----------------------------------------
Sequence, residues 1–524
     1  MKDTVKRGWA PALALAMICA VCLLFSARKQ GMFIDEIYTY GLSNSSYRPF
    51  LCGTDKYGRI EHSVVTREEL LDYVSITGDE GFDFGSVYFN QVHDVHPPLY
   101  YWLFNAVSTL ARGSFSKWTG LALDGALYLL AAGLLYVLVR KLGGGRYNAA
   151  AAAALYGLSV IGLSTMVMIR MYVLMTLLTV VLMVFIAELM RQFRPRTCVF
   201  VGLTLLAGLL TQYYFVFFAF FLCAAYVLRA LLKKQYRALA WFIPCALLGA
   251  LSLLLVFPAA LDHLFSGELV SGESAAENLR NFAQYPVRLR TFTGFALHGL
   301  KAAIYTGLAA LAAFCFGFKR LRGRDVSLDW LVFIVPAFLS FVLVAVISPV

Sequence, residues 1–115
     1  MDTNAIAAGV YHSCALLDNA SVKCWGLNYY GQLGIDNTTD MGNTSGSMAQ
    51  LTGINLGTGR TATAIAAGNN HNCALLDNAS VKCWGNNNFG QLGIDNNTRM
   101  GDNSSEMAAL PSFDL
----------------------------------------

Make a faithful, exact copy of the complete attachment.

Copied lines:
Sequence, residues 1–524
     1  MKDTVKRGWA PALALAMICA VCLLFSARKQ GMFIDEIYTY GLSNSSYRPF
    51  LCGTDKYGRI EHSVVTREEL LDYVSITGDE GFDFGSVYFN QVHDVHPPLY
   101  YWLFNAVSTL ARGSFSKWTG LALDGALYLL AAGLLYVLVR KLGGGRYNAA
   151  AAAALYGLSV IGLSTMVMIR MYVLMTLLTV VLMVFIAELM RQFRPRTCVF
   201  VGLTLLAGLL TQYYFVFFAF FLCAAYVLRA LLKKQYRALA WFIPCALLGA
   251  LSLLLVFPAA LDHLFSGELV SGESAAENLR NFAQYPVRLR TFTGFALHGL
   301  KAAIYTGLAA LAAFCFGFKR LRGRDVSLDW LVFIVPAFLS FVLVAVISPV

Sequence, residues 1–115
     1  MDTNAIAAGV YHSCALLDNA SVKCWGLNYY GQLGIDNTTD MGNTSGSMAQ
    51  LTGINLGTGR TATAIAAGNN HNCALLDNAS VKCWGNNNFG QLGIDNNTRM
   101  GDNSSEMAAL PSFDL